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To leave it all behind: factors behind parasuicide roads towards stability
Umeå University, Faculty of Medicine, Department of Clinical Sciences, Psychiatry.
2004 (English)Doctoral thesis, comprehensive summary (Other academic)
Abstract [en]

This study was motivated by encounters with persons with repeated suicidality in clinical psychiatry. Their suicide attempts are frequently regarded as manipulative, and the patients are often labelled a “borderline personality disorder”. They cause frustration and are sometimes met with repellent attitudes among clinicians, but clinical experience as well as research shows that their personal history regularly includes severe childhood trauma and often childhood sexual abuse.

The first part of the study was undertaken to investigate the frequency of borderline personality disorder among consecutive persons admitted to hospital after a suicide attempt, the experience of adverse life events among them and the motives for the act. The concept and definition of parasuicide was used as inclusion criterion. During the 10 months of the study 81% of all parasuicide inpatients gave their consent to partake, altogether 64 patients, 41 women and 23 men. Standardized instruments were used for assessment of personality disorders, and self-report questionnaires were used to investigate motives and adverse life events.

Seven years later, follow-up interviews were conducted with 51 of these persons, 32 women and 19 men. This second part of the study used qualitative methods in the form of thematic open-ended interviews to allow for the patients’ own descriptions of their suicidality and mental health in the years following the suicide attempt. The role of psychiatry in this process was one of the themes in the interview. Use of psychiatric treatment and support during the follow-up period was investigated through a review of the medical charts recorded at the psychiatric clinic.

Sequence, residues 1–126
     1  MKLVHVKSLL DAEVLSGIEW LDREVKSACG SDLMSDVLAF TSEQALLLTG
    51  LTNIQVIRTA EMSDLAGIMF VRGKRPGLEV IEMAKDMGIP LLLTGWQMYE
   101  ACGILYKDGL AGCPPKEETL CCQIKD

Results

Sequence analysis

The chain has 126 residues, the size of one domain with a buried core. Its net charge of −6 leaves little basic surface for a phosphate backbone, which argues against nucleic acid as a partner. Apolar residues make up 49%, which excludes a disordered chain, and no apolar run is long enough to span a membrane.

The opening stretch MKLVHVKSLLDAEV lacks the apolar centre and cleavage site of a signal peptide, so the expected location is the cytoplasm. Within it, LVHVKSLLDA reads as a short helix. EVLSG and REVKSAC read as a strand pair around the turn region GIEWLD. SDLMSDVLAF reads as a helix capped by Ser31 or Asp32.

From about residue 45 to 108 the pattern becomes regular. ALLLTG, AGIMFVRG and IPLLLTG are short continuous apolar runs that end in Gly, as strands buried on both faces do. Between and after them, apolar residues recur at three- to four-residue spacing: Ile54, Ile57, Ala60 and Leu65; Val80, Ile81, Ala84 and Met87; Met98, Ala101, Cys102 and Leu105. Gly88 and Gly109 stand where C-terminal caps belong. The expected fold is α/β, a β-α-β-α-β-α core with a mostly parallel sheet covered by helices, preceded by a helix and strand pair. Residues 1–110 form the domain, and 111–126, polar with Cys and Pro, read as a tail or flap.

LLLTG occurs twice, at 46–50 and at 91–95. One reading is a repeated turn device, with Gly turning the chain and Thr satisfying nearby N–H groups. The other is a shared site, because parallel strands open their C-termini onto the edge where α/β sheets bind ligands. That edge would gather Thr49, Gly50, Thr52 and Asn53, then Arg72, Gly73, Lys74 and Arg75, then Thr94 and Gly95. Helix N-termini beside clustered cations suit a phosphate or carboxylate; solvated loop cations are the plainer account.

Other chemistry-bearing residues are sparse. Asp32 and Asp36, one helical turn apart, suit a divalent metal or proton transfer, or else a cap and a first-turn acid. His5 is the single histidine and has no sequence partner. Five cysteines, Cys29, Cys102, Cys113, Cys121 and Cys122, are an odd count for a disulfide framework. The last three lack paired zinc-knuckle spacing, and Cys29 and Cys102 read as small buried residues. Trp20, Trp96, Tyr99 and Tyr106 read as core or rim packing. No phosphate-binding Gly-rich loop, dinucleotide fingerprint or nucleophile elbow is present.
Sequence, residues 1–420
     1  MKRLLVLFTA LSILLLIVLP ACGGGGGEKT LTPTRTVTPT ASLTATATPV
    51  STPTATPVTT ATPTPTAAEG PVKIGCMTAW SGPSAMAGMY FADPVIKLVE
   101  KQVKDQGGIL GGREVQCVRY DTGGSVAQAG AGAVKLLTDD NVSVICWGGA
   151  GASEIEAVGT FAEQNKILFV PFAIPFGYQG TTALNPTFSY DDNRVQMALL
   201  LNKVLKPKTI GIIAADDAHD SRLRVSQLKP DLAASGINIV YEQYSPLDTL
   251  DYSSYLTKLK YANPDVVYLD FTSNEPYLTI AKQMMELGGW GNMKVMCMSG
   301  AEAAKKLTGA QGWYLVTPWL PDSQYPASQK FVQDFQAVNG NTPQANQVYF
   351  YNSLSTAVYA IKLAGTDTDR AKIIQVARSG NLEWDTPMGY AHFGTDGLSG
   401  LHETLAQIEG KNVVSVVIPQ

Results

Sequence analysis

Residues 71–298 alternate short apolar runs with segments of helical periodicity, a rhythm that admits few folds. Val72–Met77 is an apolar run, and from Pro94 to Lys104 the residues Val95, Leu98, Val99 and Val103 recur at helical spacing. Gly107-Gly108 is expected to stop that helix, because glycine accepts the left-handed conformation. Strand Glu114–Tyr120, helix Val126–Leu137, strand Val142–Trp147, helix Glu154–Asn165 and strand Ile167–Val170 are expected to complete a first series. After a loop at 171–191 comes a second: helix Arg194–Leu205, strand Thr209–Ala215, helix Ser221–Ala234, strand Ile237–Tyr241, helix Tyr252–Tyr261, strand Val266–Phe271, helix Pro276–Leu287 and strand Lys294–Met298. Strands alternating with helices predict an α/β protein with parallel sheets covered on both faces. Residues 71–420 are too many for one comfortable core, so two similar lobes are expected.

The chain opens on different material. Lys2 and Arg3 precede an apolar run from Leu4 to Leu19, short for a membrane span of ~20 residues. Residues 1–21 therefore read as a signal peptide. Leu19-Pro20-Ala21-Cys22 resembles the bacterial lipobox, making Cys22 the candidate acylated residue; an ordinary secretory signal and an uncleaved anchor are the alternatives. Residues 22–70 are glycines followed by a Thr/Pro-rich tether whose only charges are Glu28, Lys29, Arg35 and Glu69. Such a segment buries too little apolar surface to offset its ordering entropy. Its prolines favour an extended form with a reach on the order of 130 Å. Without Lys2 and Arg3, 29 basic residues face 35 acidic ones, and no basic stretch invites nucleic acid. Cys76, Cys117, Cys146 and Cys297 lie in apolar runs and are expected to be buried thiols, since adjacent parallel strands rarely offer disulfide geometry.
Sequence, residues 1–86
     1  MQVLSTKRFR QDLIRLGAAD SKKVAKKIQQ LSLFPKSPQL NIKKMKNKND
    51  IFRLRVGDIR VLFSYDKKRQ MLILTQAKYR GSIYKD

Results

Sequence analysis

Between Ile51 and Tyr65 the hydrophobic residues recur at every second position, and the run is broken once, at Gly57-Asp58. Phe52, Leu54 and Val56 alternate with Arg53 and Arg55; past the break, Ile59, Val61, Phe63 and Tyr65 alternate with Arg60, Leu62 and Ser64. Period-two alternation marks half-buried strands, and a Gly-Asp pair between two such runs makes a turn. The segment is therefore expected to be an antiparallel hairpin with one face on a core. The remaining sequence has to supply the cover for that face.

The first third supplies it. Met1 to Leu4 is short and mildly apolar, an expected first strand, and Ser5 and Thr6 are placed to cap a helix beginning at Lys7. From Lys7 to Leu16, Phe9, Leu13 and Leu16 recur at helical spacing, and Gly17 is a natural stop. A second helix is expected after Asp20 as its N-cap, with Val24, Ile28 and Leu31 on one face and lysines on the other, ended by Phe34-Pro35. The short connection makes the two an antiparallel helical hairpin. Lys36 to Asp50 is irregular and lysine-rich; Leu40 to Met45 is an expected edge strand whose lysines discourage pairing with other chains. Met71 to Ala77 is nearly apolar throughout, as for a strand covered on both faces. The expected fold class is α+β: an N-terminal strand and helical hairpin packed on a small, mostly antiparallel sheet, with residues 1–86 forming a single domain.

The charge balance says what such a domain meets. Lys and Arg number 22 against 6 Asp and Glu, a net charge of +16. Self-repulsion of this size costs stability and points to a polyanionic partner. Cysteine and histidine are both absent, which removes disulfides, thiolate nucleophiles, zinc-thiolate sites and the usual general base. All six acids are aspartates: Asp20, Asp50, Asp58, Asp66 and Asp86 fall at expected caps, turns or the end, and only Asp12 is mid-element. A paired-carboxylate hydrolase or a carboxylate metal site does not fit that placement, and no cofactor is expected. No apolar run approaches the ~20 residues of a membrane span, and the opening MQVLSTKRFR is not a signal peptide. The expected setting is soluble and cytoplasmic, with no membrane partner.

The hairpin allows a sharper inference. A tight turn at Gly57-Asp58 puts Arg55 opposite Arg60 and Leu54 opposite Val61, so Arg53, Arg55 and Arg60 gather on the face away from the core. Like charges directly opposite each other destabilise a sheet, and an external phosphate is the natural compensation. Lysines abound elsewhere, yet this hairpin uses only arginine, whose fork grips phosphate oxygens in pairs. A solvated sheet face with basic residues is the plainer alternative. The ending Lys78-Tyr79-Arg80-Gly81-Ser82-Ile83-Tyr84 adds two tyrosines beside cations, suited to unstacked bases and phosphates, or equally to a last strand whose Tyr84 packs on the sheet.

The quantitative part of the study showed that among the parasuicide patients there was a considerable overrepresentation of borderline personality disorder, and that the frequency of adverse life events was much higher in this subgroup. The motives for the parasuicide did not differ between those with borderline personality disorder and the others. Childhood sexual abuse could be identified as the most important factor influencing suicidality and extent of psychiatric treatment after the index parasuicide.

The patients’ own descriptions in the follow-up interview were related to the theoretical perspectives of symbolic interactionism, therapeutic alliance, perception of difference, empowerment and the concept of modernity. In the narratives a picture emerges of a psychiatric health care that carries the potential to offer therapeutic relationships, but often fails in its aims. In therapeutic alliances built on personal relationships, characterized by close and frequent encounters and a focus not only the weaknesses but also the strengths of the patient, there was room for personal development. A reliance on therapeutic method instead of a therapeutic alliance with the patient and a lack of a collaborative perspective in therapeutic work set definite hindrances for the therapeutic process, according to the views of the patients.

Regardless of the severity of the life experiences and personality dimensions that had lead to the parasuicide, the core prerequisite for subsequent stabilisation was an orientation towards significant others that saw and supported the potential for change and helped redefine the situation. These significant others were sometimes found in the psychiatric health care services, but were mainly found outside of psychiatry.